TV cooking show host Alton Brown once asked “Is there a word for a tool that is really bad at the job that it’s designed for, but really good for other things?”  I’ve never learned the answer to that question, but it has vexed me for ages.  It was also going to be the title for this post as well.  There are a lot of things that are insanely useful at a gaming table, but are of little use to the average everyday person outside of a roleplaying game.  Sure, many of them had great uses once upon a time, but they’ve been rendered obsolete by the advancing technologies of the day.  Some of them are great for other uses, but even better for gaming.  And some are just good things to have around.  Here’s my list of the best non-gaming items you can have at your gaming table.

Wooden Clipboard – Cheap and frees up table space.  I play around my massive coffee table, but that requires everyone to lean forward constantly which can kill your lower back after a marathon session.  A clipboard with a character sheet attached allows players to sit back for most of the game and relax more.  It also allows me to keep the game going even if I need to step on the patio for a cigarette or go get a refill on my drink by taking the adventure with me.

Pipe Cleaners – Bend these into squares and you have the perfect marker for a zone.  Red for fire, green for acid, blue for cold, black for shadow/necrotic, white for healing, and yellow for psychic/illusion.  Drop them on the board when you need them, pick them up when they’re gone.  Also great for blasts/bursts for new players to help them grasp the concept quickly.

Yarn – I’ve seen a lot of solutions out there for the different conditions/marks that can get put on a character or monster during combat.  Soda rings, stickers, poker chips…none of them worked that well or were too distracting for me.  However, small snips of yarn are great.  Black for an Assassin’s shroud, green for a Ranger’s Hunter’s Quarry, white for an Avenger’s Oath of Enmity, red for a Warlock’s Curse, blue for a Fighter’s Mark, etc.  They hang on most minis easily and they can be easily added/removed without knocking anything over.  And since you only need an inch or so, you can probably get them for free if you have a friend or relative who knits and you might be able to ask for samples online or through the mail to get what you need.

Popsicle Sticks, Toothpicks, and Cardboard – With these, some garden sheers or a utility knife, and some glue; you can create some amazing 3D terrain for your game.  So far, I’ve made scaffolding, wagons, crates, ladders, and a banner using just the above and a little paint.  I got all the materials for under $10 and the most time consuming part of the whole thing was waiting for the glue and paint to dry (and keeping my kitties from demolishing them).  Helpful Tip: Don’t use the same bookshelf to store said homemade minis as you use to hold your Player’s Handbook and other hardbacks.  One bump and all my work was reduced to splinters.

Styrofoam – You want a very specific type for this, the kind they sell in the crafts section or the garden section for making flower arrangements with fake flowers.  Take a utility knife (or a steak knife you don’t like) and some paint and you can create whatever sort of terrain you need.  I have a two foot tall cliffside I made sitting in my room just waiting for an opportunity to bring it out again for my new campaign.  You can still get uses out of other types, though.  Next time you get a package, break up the styrofoam and paint it grey or brown and use for rubble or boulders.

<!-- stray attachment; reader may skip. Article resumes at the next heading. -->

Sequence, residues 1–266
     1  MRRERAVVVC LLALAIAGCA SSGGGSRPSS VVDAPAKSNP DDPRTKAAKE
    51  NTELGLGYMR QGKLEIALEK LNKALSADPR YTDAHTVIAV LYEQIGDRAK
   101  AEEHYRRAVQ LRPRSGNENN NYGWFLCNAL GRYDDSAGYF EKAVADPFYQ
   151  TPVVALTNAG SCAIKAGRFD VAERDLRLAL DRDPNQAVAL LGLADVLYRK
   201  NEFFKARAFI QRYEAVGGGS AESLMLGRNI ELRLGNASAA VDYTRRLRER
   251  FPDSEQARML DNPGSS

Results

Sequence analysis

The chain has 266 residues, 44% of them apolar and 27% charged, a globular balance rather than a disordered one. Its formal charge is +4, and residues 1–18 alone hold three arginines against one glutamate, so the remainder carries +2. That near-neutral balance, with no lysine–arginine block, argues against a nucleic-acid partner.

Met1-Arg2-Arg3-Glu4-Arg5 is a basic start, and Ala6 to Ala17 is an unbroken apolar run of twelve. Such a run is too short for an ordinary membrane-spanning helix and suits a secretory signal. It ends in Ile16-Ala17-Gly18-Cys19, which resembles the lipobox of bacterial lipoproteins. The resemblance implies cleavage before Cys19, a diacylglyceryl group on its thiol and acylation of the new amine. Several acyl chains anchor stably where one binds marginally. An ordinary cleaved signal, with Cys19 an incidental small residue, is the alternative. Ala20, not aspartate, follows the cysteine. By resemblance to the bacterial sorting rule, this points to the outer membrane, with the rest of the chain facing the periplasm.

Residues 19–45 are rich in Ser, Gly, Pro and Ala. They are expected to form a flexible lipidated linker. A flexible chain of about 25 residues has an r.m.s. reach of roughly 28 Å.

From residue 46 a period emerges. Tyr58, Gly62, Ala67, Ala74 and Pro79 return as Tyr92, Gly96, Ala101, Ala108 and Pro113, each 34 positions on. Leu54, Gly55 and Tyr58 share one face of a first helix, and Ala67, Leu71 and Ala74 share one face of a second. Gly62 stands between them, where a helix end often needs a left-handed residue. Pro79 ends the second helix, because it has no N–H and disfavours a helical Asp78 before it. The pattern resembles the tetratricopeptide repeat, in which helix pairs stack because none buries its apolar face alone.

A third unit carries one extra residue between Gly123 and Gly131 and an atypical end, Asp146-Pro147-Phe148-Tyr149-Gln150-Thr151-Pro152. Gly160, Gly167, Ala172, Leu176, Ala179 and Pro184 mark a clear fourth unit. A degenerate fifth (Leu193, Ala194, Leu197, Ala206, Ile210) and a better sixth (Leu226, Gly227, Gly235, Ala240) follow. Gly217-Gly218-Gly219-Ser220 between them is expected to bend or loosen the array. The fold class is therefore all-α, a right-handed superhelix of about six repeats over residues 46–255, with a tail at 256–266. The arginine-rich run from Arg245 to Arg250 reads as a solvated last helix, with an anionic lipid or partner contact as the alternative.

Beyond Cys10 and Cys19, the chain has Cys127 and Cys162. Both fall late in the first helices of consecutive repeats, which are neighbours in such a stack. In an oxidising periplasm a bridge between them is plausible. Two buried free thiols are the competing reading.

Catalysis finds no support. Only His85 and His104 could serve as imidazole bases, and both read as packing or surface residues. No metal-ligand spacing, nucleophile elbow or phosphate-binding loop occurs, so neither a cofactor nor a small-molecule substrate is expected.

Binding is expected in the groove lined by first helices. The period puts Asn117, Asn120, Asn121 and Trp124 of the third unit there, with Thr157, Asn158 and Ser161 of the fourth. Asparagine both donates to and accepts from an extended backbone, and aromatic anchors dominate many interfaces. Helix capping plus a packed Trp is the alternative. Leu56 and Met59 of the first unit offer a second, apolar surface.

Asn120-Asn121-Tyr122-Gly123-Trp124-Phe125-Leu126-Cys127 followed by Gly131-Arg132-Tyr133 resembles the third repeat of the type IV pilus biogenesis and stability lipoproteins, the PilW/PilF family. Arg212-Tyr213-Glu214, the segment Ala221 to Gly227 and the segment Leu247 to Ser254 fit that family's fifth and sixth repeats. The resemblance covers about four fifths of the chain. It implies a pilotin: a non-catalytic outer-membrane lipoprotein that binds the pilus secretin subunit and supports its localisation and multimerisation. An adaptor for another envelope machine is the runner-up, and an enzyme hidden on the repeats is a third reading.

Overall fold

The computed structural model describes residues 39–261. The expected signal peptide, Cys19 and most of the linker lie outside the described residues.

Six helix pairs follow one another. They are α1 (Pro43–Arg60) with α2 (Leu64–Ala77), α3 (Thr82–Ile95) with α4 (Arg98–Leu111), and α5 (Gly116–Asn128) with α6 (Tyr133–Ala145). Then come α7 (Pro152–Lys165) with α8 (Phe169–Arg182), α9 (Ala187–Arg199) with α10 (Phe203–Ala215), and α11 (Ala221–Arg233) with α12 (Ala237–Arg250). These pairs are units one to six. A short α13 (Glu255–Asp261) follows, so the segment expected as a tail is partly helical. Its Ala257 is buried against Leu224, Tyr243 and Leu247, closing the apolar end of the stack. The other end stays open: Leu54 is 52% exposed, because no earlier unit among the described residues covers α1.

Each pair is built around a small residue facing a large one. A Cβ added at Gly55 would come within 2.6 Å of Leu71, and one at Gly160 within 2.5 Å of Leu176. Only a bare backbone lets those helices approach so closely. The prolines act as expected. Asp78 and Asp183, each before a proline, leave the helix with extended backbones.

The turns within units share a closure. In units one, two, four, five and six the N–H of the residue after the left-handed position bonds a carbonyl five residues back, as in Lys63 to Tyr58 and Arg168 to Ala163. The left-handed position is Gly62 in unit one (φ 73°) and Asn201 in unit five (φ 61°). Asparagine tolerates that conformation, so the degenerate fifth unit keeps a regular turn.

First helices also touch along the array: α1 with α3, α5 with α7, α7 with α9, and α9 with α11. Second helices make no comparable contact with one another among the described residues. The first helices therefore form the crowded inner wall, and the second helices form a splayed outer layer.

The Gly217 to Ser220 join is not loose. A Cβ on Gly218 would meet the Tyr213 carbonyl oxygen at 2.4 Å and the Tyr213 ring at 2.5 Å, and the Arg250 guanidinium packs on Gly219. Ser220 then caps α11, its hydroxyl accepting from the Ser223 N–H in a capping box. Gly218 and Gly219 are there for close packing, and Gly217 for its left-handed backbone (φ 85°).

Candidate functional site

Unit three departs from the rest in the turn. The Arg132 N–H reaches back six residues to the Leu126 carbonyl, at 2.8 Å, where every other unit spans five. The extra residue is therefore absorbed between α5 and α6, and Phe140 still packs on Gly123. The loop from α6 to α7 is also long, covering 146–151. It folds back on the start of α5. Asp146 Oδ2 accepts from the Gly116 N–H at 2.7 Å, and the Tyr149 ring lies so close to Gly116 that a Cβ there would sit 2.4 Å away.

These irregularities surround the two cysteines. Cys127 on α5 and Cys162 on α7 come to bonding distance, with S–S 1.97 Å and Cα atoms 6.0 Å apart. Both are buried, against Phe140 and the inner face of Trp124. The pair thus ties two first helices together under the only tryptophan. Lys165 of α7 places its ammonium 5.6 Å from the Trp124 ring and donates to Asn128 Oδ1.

Tailor’s Tape Measure – The downside to creating all these cool terrains (or even buying terrain originally designed for wargaming or model railroading) is that it typically won’t have a grid on it.  If you don’t want to take the time or ruin your work by painting a massive grid, use a tailor’s tape measure.  It’s floppy so it can be folded up to stay out of the way, and you can use it to measure any distance in the game.  Use with the pipe cleaners above for zones/blasts/bursts and you’re set.

Sticky Tack – This is the sticky blue or yellow putty stuff used for hanging posters.  I’ve never had luck keeping a poster up with the stuff, but it’s great for those minis that keep wanting to fall over.  Non-Wizards of the Coast items like the Bag o’ Zombies zombies, Bendy Walls, and model railroad trees (all of which I’m a huge fan of) are notorious for this as are many of my homemade creations.  A little sticky tack on the bottom and they’ll stay upright without any problems.

Color Laser Printer – Okay, this one’s cheating a bit, but if you have access to one (and please make sure it won’t get you fired if you use the one at work – trust me, IT does monitor that stuff…they just log it up until you annoy them enough to turn you in), your character sheets and Dungeon adventures will not look any better.  If you can afford the outlay, pick one up for yourself.  They’re not nearly as expensive as they used to be, and you can usually find used ones from companies who are moving/upgrading/closing.  Sure, the toner’s expensive, but that’s not even going to be an annual expense to replace them.

Card Sleeves – Nothing will help new players figure out At-Will/Encounter/Daily powers faster than color-coding them.  Buy 3-4 sets of sleeves; one green, one red, one black, and one blue if you can.  When you print out character sheets, cut out the power cards and place them in sleeves corresponding to the frequency the power can be used (yes, utilities go in green/red/black depending on if they’re At-Will, Encounter, or Daily).  Place the “cheat sheet” character sheet cards, magic item cards, and any powers that are always on such as class features in the blue sleeves.  When the player uses a power on their turn, tell them to turn the card over.  If it’s green, leave it face-up.  If it’s red, turn it face-up after a short rest.  If it’s black, turn it up after an extended rest.  It also protects the cards so they’ll stay legible throughout the entire session.